In the initial proposal, securities lending arrangements (and related manufactured dividends) and so-called cum-cum setups were a debated topic. Securities lending arrangements entail that a person (natural or legal) lends securities to another person. From a Swedish civil law perspective, such arrangements mean that the legal ownership of the securities is transferred to the borrower and that the lender does not retain any rights regarding the lent securities, such as the right to dividend distributions.
The initial proposal contained several approaches to prevent tax abusive practices through securities lending. In a situation where a borrower receives a dividend and at the same time has entered into an agreement to pay manufactured dividend to the lender, it was proposed that the lender, as a starting point, would be considered entitled to the dividend and thus liable for tax, even if the actual dividend was received by the borrower. This since the lender is the one that obtains the actual financial benefits of the dividend. A special rule on tax liability was also proposed, which implied that the borrower could also be considered as entitled to the dividend and thus liable for withholding tax. The application and the correlation of the rules regarding tax liability was not clear and the initial proposal was therefore heavily criticized in these parts. The initial proposal was therefore not considered to be an effective way to prevent tax avoidance, inter alia with regards to the fact that the proposal was not in accordance with double tax agreements entered into by Sweden.
In the revised proposal, security lending agreements are not as debated as in the initial proposal. It is stated that security lending agreements normally are entered into without the purpose of avoiding taxation for either party, e.g., because the borrower is speculating on a price drop (short selling). Contrary to the initial proposal, it is now proposed that the civil law interpretation should be applicable also in relation to security lending agreements. This even though share lending is treated differently from a Swedish corporate income tax perspective depending on whether the shares are lent for short selling or not. This means that the person who lent the shares prior to a dividend distribution and therefore does not hold the shares when the dividend is paid, should not be considered entitled to the dividend and therefore not subject to withholding tax on the dividend. Instead, it is proposed that the borrower in a security lending agreement should be considered as entitled to the dividend, even though it has been agreed that the borrower should compensate the lender through a manufactured dividend.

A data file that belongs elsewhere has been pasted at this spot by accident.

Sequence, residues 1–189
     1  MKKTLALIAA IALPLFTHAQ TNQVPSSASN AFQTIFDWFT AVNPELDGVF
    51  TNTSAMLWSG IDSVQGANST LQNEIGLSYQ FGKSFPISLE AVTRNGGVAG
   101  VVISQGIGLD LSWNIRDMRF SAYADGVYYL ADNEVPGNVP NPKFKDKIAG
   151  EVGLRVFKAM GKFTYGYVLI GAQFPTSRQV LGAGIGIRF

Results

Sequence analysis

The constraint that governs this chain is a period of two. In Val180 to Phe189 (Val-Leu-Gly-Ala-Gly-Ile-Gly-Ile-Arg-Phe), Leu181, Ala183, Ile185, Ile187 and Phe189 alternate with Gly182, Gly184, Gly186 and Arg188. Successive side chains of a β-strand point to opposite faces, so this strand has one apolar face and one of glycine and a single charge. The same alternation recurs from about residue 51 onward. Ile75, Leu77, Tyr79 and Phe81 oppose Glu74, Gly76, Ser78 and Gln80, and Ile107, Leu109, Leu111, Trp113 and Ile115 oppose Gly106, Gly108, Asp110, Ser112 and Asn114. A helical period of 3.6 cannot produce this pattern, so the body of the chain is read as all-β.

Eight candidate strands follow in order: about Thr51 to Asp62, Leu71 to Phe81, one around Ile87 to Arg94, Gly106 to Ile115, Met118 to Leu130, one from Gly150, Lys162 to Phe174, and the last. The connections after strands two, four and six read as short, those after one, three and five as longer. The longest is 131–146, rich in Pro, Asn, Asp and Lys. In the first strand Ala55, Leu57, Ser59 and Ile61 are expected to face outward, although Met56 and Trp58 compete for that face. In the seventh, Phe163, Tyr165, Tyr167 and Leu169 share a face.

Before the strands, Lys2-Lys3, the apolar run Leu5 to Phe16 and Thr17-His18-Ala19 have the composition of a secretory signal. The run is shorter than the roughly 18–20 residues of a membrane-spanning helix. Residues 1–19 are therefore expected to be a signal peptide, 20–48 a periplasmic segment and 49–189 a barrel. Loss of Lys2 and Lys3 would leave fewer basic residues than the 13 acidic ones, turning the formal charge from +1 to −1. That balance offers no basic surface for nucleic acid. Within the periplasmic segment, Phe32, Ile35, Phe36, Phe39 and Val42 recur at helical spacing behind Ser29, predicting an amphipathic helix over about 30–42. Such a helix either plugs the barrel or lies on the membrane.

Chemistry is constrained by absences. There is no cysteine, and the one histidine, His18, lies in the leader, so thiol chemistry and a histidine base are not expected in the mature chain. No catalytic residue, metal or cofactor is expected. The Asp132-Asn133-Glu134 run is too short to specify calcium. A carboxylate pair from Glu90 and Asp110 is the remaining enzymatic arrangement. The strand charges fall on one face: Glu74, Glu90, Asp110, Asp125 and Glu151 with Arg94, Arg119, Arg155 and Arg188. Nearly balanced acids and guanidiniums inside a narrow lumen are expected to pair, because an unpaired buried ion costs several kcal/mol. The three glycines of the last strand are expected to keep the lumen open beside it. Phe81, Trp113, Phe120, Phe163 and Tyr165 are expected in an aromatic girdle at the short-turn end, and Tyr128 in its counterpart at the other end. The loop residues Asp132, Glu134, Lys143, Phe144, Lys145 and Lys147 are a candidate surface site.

agreed that the borrower should compensate the lender through a manufactured dividend.However, the revised proposal contains a special rule on tax liability which could become applicable for security lending agreements that take place for the purpose of tax avoidance. The rule implies that tax liability may be triggered although no legal ground as such exists for levying withholding tax, provided that the agreement is predominantly aimed at obtaining an undue tax benefit. This means that it is still the borrower that will be considered tax liable for the dividend, however, even though the borrower is subject to unlimited tax liability in Sweden (such persons are generally not subject to withholding tax) or would otherwise have been exempt from withholding tax liability. This new tax avoidance rule is not intended to be applied in violation of existing double tax treaties, but the procedures covered by the rule should in principle be those that are also assessed as tax avoidance according to double tax treaties.